Christmas Markets in Tallinn and Estonia

If you have decided to celebrate Christmas in Estonia, you have made an excellent choice. Tallinn, the Estonian capital, has a Christmas market that often ranks among the best in Europe, and the city of Tartu also gets into the Christmas spirit with its own market. Furthermore, if you fancy seeing more of Estonia, other cities host smaller markets and fairs. You will encounter Estonian-style holiday celebrations, food, and crafts, enjoy cities lit up with decorations, and experience the city in a way relatively fewer travelers do—during the Northern winter! Christmas markets in Tallinn and Estonia do not disappoint.

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Traditional Estonian scarves at a Christmas market in Tallinn
You’ll find all manner of gifts–including those with traditional Estonian patterns–at Christmas markets in Tallinn and throughout Estonia. Photo by Emma Londyn on Unsplash

Main Christmas Market in Tallinn

Voted one of Europe’s best Christmas markets in 2019, the main Christmas market in Old Town Tallinn takes place at Raekoja plats, or Town Hall Square, around a central Christmas tree. This Christmas tree competes with Riga’s for symbolizing the “first” Christmas tree—Tallinn boasts a Christmas tree first set up in the first half of the 15th century, several decades before Riga’s Christmas tree was purportedly established as a part of public holiday life. The Christmas tree is live, sourced from nearby, and is decorated with lights and ornaments reflecting the year’s chosen theme.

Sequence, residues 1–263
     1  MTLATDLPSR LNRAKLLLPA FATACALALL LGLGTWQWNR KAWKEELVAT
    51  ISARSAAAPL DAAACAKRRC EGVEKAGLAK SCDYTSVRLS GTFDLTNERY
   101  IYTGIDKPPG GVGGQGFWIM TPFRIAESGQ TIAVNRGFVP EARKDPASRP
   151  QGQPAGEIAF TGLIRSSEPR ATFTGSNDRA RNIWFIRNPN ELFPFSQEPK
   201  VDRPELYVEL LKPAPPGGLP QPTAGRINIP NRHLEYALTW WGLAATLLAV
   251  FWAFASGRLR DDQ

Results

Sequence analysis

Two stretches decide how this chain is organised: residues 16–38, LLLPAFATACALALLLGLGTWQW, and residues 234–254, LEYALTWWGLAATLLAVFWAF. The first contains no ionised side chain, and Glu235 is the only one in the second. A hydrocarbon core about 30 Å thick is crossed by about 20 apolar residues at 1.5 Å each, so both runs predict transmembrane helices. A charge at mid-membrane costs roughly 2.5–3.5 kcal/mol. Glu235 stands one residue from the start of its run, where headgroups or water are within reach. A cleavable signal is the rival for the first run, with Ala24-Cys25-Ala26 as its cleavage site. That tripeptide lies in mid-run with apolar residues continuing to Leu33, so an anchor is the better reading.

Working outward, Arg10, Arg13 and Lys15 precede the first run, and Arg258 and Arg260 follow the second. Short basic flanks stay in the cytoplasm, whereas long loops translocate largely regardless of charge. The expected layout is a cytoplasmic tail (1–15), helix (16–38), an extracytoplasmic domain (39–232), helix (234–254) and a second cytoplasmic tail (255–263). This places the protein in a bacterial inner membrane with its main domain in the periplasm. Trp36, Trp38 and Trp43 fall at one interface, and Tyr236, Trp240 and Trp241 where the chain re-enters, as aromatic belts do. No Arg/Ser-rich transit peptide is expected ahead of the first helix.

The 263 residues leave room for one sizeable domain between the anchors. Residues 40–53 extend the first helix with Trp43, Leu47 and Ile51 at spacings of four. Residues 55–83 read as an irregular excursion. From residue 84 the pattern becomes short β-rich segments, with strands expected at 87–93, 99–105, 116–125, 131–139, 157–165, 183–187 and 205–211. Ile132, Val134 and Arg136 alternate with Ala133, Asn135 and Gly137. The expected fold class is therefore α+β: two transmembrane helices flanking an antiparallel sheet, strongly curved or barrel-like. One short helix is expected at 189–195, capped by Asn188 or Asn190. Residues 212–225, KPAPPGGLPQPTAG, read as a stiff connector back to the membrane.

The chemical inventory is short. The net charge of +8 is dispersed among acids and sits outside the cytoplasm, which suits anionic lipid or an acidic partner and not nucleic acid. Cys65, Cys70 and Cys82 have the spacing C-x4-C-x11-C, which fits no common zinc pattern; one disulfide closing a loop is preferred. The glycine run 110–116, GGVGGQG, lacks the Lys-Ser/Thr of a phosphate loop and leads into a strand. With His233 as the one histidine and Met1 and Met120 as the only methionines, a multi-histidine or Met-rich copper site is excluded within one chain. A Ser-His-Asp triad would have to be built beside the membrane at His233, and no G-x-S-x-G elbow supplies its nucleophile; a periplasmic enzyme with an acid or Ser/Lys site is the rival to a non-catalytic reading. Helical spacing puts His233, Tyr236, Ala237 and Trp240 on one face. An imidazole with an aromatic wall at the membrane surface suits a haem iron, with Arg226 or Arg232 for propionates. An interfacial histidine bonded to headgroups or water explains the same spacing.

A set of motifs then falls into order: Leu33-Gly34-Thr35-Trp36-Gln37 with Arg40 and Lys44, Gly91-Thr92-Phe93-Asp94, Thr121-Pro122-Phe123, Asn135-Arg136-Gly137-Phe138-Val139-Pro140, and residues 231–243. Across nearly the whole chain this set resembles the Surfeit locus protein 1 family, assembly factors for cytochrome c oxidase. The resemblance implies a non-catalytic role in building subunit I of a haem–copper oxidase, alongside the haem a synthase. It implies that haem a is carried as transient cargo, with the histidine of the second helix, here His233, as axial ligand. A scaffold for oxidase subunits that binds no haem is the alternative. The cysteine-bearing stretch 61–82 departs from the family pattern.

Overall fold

Estonia loves combining tradition with technology, and when a live Santa isn’t available, a hologram Santa has been known to step in as substitute. You can also post letters to the North Pole via Santa’s post box, so make your Christmas wishes good ones. Letters from Estonia have only a little way to travel, so Santa’s elves should receive them without delay.

What’s more, Tallinn’s Christmas market pays special attention to Estonian culture, meaning you can snag yourself a souvenir or get a unique gift for a loved one, such as a signed book or CD. Traditional crafts and designer work are also available for purchase. The material culture is complemented by a calendar of events, which features concerts and performances of all types. Hang around the Christmas market and the old town area long enough, and you’re sure to catch live music or dance.

Visiting Tallinn’s Christmas market is one of the best things to do in Tallinn during the month of December!

The Christmas market and Christmas Tree in Tallinn, Estonia fill a square with a backdrop of historic buildings.
The Christmas Market in Tallinn is one of Europe’s best. Photo credit: Photo by Hert Niks on Unsplash

Tallinn’s Christmas Charity Bazaar